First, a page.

How Distributed Ledgers Can Illuminate the Metals Supply Chain

In the metals and mining industry, often you want to know where your product is coming from. End users want to know if the source material is “conflict free,” that is, it’s not coming from a war zone or being mined illegally.

And the immutability and decentralized nature of blockchains mean that they can be used as ledgers to track metals across the globe. For instance, the Ethereum-driven company ConsenSys is creating a blockchain consortium called Minerac to team with metal concentrates platform Open Mineral to make mineral trading and metals supply chains more efficient.

IBM, Five International Banks Pilot Blockchain-Based Platform for Trade Finance

Batavia, a global trade finance platform based on distributed ledger technology (DLT), which has been jointly developed by a consortium consisting of IBM, Bank of Montreal, CaixaBank, Commerzbank, Erste Group and UBS, “has successfully completed its first live pilot transactions with corporate clients.”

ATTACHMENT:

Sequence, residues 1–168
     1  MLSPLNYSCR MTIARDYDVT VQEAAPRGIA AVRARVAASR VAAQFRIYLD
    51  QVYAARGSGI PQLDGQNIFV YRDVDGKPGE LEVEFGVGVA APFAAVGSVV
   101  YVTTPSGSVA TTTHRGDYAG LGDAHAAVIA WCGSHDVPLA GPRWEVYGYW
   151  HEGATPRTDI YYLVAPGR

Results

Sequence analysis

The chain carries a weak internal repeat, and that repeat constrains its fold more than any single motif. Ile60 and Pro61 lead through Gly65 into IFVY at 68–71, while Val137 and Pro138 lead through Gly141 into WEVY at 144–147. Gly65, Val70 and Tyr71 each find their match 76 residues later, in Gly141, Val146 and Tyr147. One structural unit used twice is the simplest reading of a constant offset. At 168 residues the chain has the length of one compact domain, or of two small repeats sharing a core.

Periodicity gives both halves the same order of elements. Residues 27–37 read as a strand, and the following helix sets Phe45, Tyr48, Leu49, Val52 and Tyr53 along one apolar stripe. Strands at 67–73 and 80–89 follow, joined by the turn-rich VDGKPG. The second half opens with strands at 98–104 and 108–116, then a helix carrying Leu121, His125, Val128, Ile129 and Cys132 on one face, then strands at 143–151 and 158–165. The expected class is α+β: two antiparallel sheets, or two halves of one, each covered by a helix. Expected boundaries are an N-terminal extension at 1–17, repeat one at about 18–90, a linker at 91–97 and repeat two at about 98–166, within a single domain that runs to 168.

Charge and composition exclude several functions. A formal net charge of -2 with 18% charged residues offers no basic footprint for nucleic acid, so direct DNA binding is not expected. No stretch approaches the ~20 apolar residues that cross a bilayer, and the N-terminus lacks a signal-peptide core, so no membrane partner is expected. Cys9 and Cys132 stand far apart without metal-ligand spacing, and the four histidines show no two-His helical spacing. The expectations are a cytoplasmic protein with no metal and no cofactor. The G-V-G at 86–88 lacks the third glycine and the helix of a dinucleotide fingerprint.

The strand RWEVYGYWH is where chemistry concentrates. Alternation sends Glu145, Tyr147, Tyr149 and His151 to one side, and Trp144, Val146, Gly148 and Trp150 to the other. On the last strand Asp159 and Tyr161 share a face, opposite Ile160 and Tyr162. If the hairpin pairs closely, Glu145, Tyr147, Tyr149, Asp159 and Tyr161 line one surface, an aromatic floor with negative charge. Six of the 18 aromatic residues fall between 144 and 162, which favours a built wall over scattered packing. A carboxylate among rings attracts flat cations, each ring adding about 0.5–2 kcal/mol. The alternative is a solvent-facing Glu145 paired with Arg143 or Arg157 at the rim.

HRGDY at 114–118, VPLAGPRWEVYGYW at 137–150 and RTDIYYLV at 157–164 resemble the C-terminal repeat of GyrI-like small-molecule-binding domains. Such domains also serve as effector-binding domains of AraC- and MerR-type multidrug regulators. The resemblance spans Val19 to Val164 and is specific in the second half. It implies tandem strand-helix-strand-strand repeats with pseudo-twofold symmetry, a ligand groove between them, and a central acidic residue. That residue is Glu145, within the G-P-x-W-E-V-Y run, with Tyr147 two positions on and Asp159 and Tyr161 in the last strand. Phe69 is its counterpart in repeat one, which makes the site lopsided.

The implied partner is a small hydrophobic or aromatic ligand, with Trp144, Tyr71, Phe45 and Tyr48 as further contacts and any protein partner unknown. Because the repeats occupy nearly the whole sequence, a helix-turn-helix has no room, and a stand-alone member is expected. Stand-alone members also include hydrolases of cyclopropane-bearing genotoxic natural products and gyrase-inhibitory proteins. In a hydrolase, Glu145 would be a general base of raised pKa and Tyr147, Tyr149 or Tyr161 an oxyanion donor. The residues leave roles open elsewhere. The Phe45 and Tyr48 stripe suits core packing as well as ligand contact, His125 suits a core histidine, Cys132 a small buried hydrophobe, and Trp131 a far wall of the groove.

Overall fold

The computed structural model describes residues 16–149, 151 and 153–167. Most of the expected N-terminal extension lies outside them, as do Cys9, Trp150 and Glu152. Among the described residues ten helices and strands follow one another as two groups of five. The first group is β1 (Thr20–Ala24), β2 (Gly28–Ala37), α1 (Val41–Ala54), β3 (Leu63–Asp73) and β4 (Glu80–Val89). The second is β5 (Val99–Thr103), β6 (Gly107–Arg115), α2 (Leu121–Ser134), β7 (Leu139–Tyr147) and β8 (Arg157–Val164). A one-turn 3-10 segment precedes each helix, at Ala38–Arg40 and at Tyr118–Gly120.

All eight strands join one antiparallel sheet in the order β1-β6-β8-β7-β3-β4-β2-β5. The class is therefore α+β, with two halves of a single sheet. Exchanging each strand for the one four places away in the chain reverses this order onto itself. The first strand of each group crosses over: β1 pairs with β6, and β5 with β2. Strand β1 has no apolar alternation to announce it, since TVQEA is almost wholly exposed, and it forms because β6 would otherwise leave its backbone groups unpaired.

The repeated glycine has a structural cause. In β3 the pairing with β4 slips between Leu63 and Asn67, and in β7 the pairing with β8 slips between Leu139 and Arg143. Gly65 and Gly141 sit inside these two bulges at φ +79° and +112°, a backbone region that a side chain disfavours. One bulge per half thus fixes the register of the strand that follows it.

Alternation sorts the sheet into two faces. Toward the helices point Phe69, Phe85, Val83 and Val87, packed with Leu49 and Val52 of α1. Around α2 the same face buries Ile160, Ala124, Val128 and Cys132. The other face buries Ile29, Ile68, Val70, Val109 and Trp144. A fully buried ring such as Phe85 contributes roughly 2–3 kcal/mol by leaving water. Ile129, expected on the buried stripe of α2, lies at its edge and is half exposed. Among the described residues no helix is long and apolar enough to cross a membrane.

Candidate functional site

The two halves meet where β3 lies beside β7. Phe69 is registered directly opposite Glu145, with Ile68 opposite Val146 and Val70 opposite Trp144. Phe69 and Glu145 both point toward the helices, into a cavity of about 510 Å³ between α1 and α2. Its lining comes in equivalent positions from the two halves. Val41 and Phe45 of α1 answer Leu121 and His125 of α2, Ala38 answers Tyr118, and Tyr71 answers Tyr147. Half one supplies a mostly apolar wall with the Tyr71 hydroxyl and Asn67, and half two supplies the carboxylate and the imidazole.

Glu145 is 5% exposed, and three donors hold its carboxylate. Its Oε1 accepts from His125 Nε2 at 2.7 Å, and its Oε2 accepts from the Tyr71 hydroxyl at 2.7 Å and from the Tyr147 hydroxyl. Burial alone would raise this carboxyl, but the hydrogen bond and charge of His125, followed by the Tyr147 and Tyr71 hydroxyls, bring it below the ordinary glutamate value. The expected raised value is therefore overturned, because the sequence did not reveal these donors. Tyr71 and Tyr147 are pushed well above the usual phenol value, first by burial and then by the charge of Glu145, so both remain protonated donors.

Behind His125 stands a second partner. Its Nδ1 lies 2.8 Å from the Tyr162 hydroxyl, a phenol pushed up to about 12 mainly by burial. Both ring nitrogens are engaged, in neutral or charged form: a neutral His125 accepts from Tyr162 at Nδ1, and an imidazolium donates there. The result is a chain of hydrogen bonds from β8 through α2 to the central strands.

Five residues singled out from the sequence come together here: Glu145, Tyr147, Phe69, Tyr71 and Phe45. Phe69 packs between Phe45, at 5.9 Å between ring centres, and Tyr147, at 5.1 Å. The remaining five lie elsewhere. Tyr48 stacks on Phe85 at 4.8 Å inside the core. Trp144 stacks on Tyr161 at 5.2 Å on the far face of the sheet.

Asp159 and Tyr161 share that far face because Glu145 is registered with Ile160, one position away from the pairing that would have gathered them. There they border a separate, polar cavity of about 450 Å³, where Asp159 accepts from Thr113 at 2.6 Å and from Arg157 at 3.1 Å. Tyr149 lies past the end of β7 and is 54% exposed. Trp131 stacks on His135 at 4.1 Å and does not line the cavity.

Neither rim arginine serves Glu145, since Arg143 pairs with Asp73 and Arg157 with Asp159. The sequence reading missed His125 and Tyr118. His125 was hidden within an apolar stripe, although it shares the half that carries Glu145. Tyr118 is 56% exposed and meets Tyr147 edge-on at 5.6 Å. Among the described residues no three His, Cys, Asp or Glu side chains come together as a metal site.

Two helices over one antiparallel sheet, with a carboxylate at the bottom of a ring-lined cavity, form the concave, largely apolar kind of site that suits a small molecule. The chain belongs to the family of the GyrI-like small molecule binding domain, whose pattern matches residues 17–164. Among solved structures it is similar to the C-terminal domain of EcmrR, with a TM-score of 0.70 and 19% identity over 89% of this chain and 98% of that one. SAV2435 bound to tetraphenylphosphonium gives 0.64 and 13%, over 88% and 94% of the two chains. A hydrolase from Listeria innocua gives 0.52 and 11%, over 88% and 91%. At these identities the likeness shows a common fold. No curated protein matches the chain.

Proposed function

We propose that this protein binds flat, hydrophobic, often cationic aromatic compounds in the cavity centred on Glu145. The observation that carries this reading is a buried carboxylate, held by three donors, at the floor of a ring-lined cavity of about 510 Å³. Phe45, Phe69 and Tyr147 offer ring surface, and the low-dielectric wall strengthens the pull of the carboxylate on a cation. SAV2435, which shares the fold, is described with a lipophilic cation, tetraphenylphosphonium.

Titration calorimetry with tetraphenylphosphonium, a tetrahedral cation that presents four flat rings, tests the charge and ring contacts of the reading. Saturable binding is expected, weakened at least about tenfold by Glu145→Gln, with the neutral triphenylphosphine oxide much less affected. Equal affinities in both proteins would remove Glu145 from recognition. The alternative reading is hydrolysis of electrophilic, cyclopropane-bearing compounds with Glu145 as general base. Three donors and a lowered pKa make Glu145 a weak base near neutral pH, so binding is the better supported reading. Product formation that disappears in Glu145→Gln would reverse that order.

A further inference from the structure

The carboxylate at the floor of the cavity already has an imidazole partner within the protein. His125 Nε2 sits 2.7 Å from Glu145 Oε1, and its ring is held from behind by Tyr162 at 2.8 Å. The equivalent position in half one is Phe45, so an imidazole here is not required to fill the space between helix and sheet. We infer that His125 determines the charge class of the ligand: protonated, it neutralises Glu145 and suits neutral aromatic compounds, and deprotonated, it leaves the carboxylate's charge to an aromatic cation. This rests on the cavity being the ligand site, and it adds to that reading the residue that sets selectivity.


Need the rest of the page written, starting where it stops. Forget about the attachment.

“The complexity of today’s global financial systems is making it more important than ever for networks of institutions to work together with their clients to efficiently and securely share trade data,” said Jason Kelley, general manager of IBM Blockchain Services, in the company’s press release announcing the pilot. “The members of Batavia have demonstrated how sharing data among permissioned network members can accelerate cross-border trades and bring new transparency to the financial system, both in real-time and at scale.”

Using Blockchains to Increase Supply Chain Efficiency

The global supply chain and logistics market surged past  $8.1 trillion in 2015 and is set to exceed $15 trillion by 2023, according to a report from Transparency Market Research.

Supply chain management, which involves controlling a product’s flow from the sourcing of raw materials to the distribution of the final product to the consumer, can be extremely complex. Some supply chains involve hundreds of processes carried out by several companies in numerous geographic locations.

Coca-Cola Partners with U.S. Department of State on Blockchain Project for Labor

Forced labor and workers’ rights violations are a pernicious problem worldwide.

The 2017 “Global Estimates of Modern Slavery” report shows that an estimated 25 million people are being subjected to forced labor, with the majority of this activity taking place in the Asia-Pacific region.

Marco Polo Group Advances Blockchain-Based Trade Finance Solution

Can distributed ledgers be the next big thing in the trade finance industry? A group of major international banks and their partners in the blockchain ecosystem clearly think so, as they begin pilot operations for their Marco Polo trade finance initiative.

The State of Trade Finance